Getting out of America
For a greater part of his career, Baldwin lived abroad, in France or Istanbul. The rationale, he would say, was to avoid experiencing the emotional trauma of living in fear of being victimised and of actually being victimised. The transition from America was not necessarily a choice but the only viable option. In an interview with the Paris Review, Baldwin responded that, “It wasn’t so much a matter of choosing France—it was a matter of getting out of America. I didn’t know what was going to happen to me in France but I knew what was going to happen to me in New York. If I had stayed there, I would have gone under, like my friend on the George Washington Bridge.” During the interview, Baldwin was cold enough to state that the French gave me what I could not get in America.
Calling for tranquillity and unity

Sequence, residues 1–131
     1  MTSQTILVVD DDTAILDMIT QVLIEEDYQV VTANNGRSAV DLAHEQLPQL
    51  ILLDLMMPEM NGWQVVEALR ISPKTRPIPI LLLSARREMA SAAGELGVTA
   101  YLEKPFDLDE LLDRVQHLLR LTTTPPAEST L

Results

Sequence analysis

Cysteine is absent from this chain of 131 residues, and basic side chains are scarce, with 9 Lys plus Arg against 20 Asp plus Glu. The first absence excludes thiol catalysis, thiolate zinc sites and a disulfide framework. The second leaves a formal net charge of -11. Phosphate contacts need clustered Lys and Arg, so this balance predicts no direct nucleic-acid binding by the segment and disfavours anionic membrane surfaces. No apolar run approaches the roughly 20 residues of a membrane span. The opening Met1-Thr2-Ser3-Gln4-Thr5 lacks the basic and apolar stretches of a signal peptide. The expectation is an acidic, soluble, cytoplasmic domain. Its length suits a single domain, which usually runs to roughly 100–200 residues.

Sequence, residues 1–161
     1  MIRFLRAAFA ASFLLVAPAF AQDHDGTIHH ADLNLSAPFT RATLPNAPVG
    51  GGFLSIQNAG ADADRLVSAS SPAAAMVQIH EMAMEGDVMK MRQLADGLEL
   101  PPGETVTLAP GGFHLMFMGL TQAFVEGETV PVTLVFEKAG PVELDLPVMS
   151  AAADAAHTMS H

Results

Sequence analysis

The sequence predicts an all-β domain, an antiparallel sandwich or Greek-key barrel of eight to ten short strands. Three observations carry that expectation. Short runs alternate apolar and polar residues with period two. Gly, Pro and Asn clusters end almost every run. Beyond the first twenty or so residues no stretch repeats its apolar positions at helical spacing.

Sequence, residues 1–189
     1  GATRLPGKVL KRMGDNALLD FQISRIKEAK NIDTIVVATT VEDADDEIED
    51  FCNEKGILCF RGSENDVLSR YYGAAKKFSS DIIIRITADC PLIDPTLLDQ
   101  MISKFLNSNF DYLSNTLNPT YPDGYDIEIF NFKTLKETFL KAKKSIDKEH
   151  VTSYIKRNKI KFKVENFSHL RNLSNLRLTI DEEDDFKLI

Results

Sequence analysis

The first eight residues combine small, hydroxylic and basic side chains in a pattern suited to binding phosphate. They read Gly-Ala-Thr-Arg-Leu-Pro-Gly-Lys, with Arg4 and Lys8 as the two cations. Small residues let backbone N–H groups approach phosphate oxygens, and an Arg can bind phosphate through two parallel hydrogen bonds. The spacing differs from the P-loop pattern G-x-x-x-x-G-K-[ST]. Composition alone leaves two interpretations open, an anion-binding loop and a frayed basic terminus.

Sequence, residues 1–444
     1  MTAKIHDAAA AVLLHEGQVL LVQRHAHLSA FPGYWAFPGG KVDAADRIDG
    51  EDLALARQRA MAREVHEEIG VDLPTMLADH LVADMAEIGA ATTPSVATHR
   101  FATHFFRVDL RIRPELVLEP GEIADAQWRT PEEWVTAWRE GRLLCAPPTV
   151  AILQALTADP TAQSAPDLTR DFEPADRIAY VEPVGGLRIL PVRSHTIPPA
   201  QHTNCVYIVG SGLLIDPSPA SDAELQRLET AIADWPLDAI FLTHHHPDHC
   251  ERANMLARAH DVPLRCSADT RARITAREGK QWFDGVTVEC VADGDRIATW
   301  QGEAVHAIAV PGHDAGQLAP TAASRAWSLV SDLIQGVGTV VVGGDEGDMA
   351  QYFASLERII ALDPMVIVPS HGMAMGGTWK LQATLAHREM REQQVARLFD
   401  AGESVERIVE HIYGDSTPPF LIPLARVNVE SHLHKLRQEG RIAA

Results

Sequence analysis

After the assassinations of his friends Medgar Evers, Reverend Martin Luther King, Jr., and Malcolm X, Baldwin returned to St. Paul de Vence, France, where he worked on a book about the disillusionment of the times, If Beale Street Could Talk (1974). Many responded to the harsh tone of If Beale Street Could Talk with accusations of bitterness – but even though Baldwin had encapsulated much of the anger of the times in his book, he always remained a constant advocate for universal love and brotherhood. In all of Baldwin’s works, lied the foundational themes of unity, peace and tranquillity. He would go from strength to strength, castigating the societal hypocrisies of the American past and the failure to decisively nurse the black people’s wounds in the present. James often called for a revisit on the American Dream in so far as the zeal to end racial inequalities is concerned. 21st century movements such as the #BlackLivesMatter must have been also catapulted by Baldwin’s writings, for he was consistently at pains portraying people of colour as actually free. For Baldwin, the society was not ready to deal with past catastrophes in as much as it was passionate about reliving the dark screenshots from the past.